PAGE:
The closure of well-known zine Bitterlemons, providing fresh perspectives on the Palestinian-Israeli conflict, poses the question: is there is still a need for voices from the region and writers with expertise on the topic? To that, I would answer an emphatic “yes.”
I cannot say
that I am surprised by the decision of Bitterlemons founders and editors Yossi
Alpher and Ghassan Khatib to halt production of their weekly online magazine.
Established in 2001 - amid the Second Intifada and the breakdown of the Oslo
Process - Bitterlemons was a crucial source of thoughtful analysis about the
peace process for academics and politicos worldwide. Earlier this week, both
Alpher and Khatib wrote that the conversation is no longer relevant, and for
Alpher cited “local fatigue” as his reason for shutting down the site,
as “There is no peace process and no prospect of one.” According
to Khatib, “we are … at the lowest point in the arc of the pendulum,” which is
swinging towards a one-state solution. Almost twenty years after the signing of
the Declaration of Principles, which provided for the establishment of an
independent Palestinian state, “Palestinians and Israelis are barely
conversational.” Recent headlines about Israeli settlers’ price tag attacks on
Palestinian property, the Palestinian Authority’s increasing inability to
govern, the exploding political influence of Israel’s religious right, and the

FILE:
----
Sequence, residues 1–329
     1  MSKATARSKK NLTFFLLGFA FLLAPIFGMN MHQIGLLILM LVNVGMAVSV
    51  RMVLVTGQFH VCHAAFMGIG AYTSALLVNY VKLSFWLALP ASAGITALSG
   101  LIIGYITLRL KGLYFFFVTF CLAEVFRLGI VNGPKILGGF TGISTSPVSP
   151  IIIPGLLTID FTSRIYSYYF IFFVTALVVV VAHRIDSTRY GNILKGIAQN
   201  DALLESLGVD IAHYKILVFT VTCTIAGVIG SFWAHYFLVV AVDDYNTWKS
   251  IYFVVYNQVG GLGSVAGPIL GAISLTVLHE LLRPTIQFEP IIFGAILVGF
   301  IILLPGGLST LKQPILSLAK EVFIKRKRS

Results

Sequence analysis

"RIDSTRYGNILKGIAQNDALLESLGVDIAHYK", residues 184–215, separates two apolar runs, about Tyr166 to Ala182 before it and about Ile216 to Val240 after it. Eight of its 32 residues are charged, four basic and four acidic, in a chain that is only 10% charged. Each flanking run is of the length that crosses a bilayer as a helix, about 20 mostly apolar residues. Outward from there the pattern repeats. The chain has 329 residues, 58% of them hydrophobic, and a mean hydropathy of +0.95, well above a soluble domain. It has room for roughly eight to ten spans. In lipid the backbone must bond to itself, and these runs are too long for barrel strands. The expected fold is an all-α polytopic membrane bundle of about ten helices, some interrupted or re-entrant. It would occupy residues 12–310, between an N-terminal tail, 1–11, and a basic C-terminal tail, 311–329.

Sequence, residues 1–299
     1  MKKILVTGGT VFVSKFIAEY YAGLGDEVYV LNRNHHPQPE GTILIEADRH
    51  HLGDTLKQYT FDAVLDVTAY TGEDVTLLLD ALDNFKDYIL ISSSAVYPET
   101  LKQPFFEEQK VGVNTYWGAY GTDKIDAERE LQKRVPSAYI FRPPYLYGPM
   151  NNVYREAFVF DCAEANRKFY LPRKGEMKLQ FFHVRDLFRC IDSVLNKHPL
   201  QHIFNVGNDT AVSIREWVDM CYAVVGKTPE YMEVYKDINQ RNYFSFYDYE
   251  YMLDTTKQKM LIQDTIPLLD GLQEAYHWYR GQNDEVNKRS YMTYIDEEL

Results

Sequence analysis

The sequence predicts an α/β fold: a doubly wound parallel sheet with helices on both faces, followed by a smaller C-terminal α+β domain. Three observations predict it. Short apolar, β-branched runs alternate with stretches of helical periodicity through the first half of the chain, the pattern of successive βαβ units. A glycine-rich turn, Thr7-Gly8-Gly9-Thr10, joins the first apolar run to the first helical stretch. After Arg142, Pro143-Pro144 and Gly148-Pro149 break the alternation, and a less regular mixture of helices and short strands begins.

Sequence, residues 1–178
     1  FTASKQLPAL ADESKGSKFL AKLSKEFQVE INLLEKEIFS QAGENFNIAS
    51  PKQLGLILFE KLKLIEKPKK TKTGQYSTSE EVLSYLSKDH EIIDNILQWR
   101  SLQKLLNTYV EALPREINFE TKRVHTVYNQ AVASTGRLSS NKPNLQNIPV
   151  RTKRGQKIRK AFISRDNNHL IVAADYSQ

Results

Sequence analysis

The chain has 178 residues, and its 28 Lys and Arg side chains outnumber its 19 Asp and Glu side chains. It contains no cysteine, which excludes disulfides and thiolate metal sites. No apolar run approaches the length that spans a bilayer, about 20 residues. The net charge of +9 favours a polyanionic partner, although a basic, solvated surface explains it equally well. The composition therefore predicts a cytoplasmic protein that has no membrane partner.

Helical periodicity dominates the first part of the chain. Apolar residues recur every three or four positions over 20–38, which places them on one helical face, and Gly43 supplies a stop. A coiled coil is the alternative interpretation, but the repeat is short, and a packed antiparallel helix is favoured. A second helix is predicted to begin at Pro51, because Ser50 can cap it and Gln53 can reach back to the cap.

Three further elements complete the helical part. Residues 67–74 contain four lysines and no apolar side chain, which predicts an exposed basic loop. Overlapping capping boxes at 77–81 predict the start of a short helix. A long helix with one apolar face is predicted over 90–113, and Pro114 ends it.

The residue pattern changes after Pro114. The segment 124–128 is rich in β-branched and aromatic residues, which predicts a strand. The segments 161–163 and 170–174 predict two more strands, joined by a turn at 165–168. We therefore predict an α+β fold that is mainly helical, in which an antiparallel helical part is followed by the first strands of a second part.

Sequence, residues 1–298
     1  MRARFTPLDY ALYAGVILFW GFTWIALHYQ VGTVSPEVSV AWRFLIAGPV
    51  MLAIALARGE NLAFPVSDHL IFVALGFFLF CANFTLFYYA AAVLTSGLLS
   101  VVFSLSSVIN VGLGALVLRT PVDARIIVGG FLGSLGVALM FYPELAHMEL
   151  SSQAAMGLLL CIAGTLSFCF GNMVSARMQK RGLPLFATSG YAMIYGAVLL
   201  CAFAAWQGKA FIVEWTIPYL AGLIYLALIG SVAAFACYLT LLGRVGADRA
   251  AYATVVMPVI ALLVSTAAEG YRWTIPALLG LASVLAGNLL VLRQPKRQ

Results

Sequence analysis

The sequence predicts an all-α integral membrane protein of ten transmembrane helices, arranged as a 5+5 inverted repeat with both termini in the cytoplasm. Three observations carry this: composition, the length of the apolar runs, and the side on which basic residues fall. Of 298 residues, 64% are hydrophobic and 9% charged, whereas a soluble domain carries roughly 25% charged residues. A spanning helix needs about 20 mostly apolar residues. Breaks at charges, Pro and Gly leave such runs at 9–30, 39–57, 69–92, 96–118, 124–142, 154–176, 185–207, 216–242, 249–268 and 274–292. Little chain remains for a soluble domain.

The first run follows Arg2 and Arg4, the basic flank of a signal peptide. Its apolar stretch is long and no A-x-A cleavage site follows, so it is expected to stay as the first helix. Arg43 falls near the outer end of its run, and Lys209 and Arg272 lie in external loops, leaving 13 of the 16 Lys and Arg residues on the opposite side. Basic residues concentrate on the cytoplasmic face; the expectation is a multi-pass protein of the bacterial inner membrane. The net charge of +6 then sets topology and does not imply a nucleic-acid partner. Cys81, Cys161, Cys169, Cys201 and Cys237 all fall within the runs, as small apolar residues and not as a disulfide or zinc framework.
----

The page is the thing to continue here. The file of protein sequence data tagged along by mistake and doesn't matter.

total absence of a formal Israeli-Palestinian dialogue indicate that Khatib and
Alpher are right – it’s time to stop harping on about a dead process that has no hope
for a tangible solution.
The donors who made Bitterlemons possible may believe there is no need for a platform to host voices from the region, but this is an irrational conclusion. Bilateral talks have broken down, but the dialogue concerning several of the current issues at hand -which are more or less related to Oslo – must continue. Take the “war” over Area C in the West Bank, for example. This swathe of land encompasses 62 percent of the territory and houses most of the Israeli settlements as well as some 150,000 Palestinians. Though Israel’s total civilian and military control over Area C was designed to be temporary, the abandonment of the political process has turned it into a battleground.
As Israeli journalist Danny Rubinstein recently wrote,
Area C not only “holds potential” for agricultural and minerals development,
but also contains “vast expanses of vacant land” ripe for urban development and
industrialization, as well as crucial water
resources. This land is the crux for a sustainable Palestinian future. In July,
however, the Israeli government ordered
the demolition and evacuation of eight Palestinian villages in Area C to make
room for an Israeli Defense Forces training ground. These demolitions have
become routine in Area C, where it is nearly impossible for Palestinian
residents to get permits for planning and building. Meanwhile, reports
Al Jazeera, the numbers of both “legal” Israeli settlements and settlement
outposts, which Israeli law deems illegal, are steadily increasing.